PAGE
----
With more than a passing similarity to the battles in Tales of Zesteria, Berseria's Velvet uses a mixture of the Playstation 4's face buttons (triangle, square, circle and X) to execute her various punching and kicking attacks, with different combinations of buttons letting you string moves together into combos. Characters begin each battle with three 'souls' in their soul gauge, and using various moves in battle will see you increase or decrease your soul count, with your total limiting how many different attacks you can combo together.
With a focus on exploiting enemy weaknesses, every time you manage to stun an enemy, leave them with a status condition, or indeed, defeat them, you'll steal one of their 'souls' for your own, increasing your soul count by one. However, it also works both ways, and if they land a similar hit on you, you'll lose one of your souls, limiting your attack potential somewhat. The idea is to gain, and hold on to, as many souls as you can in each battle by making the most of enemies' weaknesses. This balancing act of attacking enough to take down enemies, but not so much that you scupper yourself adds an extra layer of strategy to battles, making them a bit less button-mashy.
But Velvet has another trick up her sleeve for battle - quite literally in fact. By consuming a soul from her soul gauge, thereby running your current meter down, you can execute a Break Soul attack, in which she harnesses the power of her daemonic left hand to unleash devastating damage-dealing attacks. Of course, you can recover the lost soul fairly easily by stunning an enemy - which you quite often find is a side effect of your gnarly Break Soul attacks anyway - and by combining the two strategically, mixing Break Souls and regular attacks, you can bring most enemies to their knees without breaking a sweat. And we promise you it is fairly easy, despite what the somewhat complex explanation suggests!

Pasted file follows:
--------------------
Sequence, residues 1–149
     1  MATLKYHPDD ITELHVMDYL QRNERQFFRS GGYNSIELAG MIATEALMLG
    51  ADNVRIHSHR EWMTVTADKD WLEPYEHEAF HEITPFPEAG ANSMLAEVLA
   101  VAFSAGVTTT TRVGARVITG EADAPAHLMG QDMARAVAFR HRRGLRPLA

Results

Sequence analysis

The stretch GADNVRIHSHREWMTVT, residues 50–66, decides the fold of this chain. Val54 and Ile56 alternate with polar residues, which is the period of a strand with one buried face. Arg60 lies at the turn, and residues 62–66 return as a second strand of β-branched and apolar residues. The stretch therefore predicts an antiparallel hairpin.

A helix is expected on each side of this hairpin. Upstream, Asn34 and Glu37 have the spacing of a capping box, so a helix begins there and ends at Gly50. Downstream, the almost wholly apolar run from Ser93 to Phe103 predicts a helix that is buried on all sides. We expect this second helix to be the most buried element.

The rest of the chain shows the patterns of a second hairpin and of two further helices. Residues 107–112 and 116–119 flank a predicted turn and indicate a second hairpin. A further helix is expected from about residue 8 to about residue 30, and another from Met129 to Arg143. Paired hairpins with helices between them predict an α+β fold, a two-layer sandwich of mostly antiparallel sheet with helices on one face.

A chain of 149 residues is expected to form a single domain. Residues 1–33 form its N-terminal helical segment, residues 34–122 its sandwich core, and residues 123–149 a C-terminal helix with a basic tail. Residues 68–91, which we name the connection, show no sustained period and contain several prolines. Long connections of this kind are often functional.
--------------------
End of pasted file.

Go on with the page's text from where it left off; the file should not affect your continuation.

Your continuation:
Moving away from the battles, Tales of fans will likely be familiar with the Katz race - a gang of miniature chibi cat people who've cropped up in many a game over the years - and they actually play a large part in one of Tales of Berseria's best sidequests. Following an unfortunate incident at a party, a number of the Katz' souls have been separated from their bodies, and scattered all across the land, with their owners' bodies ending up being locked up in similarly scattered pink chests (it was one wild night!). By collecting up any glowing 'soul' orbs you come across, and then using them to open the Katz chests, you'll unlock a load of fun accessories to outfit your party members with, from cowboy hats and pirate eyepatches to Normin-themed outfits and more. Certain towns also have a resident Katz that runs a couple of mini-games - like balloon-popping, or bashing training dummies within a time limit - with similar accessory and outfit rewards on offer, including the obligatory cuddly versions of past games' protagonists.
While it doesn't quite manage to usurp Tales of Graces f or Tales of Hearts R as our favourite Tales game, Tales of Berseria is still another solid entry in the light-hearted role-playing game series. It is a bit more of a linear adventure than predecessor Zestiria, with less in the way of wide open spaces to explore and less winding, puzzle-filled dungeons to figure out, but Velvet makes for an interesting character to follow, whose anti-heroine antics are a bit of an antidote to the usual do-gooder protagonists - especially she's out on a quest for revenge! Not the best Tales game yet, then - but a nice change from the norm nonetheless.